As long as you sew,you cannot make any dress without interfacing.As a beginner in sewing,knowing which interfacing to use for which project can be confusing.
This blog post will talk about the different types of interfacing for dress making
I’m going to talk about interfacing,
what it is,
the different types,
and how to use them.
WHAT IS INTERFACING IN SEWING
Interfacing is a material that goes on the inside or between layers of fabric to provide body, stability and stiffness to your fabric. There are different types of fabric for sewing projects.
For example, If you sew with a polyester silky fabric with no interfacing ,it is quite flimsy.
But lightweight fusible interfacing, on the wrong side, gives a lot more body to it .
This makes it easier to create different shapes with it. This would be ideal for waistbands, collars, and cuffs. And These are common dressmaking parts .
The most common colors that you’re going to find is either white or a black /gray. You may be able to find other colors through specialty shops or online.
But if you go to your local fabric store,chances are these are the two colors you’re going to find.
Now you do need to be careful with the color interfacing you use. If you are using a light color fabric such as white or cream you don’t want to use a black interfacing because that’s going to show through and it’s going to look horrible and vice versa.
WHAT IS FUSIBLE INTERFACING MADE OF
Many fibers can be used to make fusible interfacing, but polyester is the most common.
WHAT ARE THE DIFFERENT TYPES OF INTERFACING
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There are three different types ofinterfacing.
we have ;
You can actually look at this interfacing and see the threads going across and up and down.
This simple means that it has a grain line.
And like fabric you need to follow the grain line direction of this interfacing.
So when you’re cutting out your interfacing pieces you cut them out just like you do on your fabric.
You can’t put your interface pieces any how you like because it is similar to fabric .
However you do need to pre shrink it before you use it.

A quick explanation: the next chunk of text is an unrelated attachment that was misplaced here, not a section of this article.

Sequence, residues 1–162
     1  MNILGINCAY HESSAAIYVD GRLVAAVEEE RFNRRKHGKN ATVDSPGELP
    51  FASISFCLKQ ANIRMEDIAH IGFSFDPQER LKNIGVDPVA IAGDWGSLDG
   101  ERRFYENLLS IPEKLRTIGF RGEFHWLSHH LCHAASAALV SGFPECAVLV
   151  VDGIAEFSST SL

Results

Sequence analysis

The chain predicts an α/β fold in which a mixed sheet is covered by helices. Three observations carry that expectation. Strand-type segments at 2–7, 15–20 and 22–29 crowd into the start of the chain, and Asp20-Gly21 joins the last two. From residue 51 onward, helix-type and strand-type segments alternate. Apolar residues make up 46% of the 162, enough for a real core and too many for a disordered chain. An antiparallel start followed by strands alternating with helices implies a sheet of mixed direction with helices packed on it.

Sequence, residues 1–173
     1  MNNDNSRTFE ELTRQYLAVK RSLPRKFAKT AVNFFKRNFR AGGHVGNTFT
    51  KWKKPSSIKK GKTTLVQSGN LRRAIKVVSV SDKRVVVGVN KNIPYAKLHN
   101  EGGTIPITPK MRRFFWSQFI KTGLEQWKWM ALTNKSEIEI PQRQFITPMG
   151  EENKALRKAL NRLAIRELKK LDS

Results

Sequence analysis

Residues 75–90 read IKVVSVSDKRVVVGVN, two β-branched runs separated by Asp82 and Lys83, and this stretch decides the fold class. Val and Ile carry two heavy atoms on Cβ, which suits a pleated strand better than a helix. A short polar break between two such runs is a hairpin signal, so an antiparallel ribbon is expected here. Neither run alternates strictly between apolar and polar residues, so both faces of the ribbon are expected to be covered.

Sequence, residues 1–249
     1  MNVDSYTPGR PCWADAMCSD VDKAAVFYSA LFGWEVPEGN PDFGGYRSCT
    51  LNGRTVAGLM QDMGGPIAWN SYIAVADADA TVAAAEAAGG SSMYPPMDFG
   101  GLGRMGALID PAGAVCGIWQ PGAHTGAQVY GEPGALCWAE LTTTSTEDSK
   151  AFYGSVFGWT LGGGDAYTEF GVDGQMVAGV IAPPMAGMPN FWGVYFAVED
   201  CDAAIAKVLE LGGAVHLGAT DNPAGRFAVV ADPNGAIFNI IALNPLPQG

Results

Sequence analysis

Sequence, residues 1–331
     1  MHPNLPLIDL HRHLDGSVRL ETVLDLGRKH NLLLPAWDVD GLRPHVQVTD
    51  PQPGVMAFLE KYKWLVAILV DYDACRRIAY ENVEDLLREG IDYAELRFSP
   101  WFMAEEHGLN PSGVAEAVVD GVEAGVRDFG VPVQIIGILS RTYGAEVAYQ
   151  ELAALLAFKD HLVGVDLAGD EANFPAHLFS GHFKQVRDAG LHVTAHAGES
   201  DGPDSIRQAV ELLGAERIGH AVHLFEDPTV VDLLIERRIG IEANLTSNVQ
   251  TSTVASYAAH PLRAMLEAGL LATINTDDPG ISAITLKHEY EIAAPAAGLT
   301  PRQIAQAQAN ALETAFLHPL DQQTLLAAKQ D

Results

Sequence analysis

Allways check the directions when you purchase it so you know how to do that.
Woven interfacing does tend to fray .
But the positive thing is that a lot of people like using this for dress making because it maintains the drape of the fabric you’re working with.
So if draping of the fabric is very important to you then this is a good interfacing to use .
It is very durable.
This interfacing is actually very common.
It is made up of fibers that are just bonded together in no particular order.
The main difference between the woven and non woven interfacing are the grainlines.
The nonwoven interfacing is made up of fibers that are just stuck together.
There is no grain line to it.
So this means you can cut out your pieces any which way and it’s not going to matter. Also it’s not going to unravel .
You don’t also have to worry about pre-shrinking it so it’s very convenient to use .
It’s just not as durable as the woven interfacing
knit interfacing , like the name implies is perfect for knit fabric.
That is because it has some stretch to it .
And also some form of flexibility. The only thing is that it stretches only one wayway It is therefore advisable to be careful when you cut out your pattern pieces .
Ensure it’s going to be the same as your fabric so you can take advantage of that stretch.
DIFFERENT TYPES OF INTERFACING WEIGHTS
Interfacing comes in different weights such as ;
lightweight fusible interface is a lot thinner and gives just a little bit of support to fabric.
Mid weight and heavy weight interfacing are a lot heavier.
WHEN TO USE THE DIFFERENT TYPES OF INTERFACING
The different types of interfacing are used with different types of sewing projects.
The choice also depends on either the weight of your fabric or on the project .
So les say I’m doing a simple cotton blouse and I just need a little bit of support.
I’m going to choose the interfacing that’s either close to that or a little bit lighter. That means,with a lightweight fabric ,I’mgoing to use lightweight interfacing.
There are other cases where you’recreating a project where you want something really stiff .
HOW TO USE THE DIFERENT TYPES OF INTERFACING
Interfacing can be used in two ways .
The difference can clearly be seen between the two. The sew in interfacing has this little glue bubbles .So this is sewn in like the name suggests,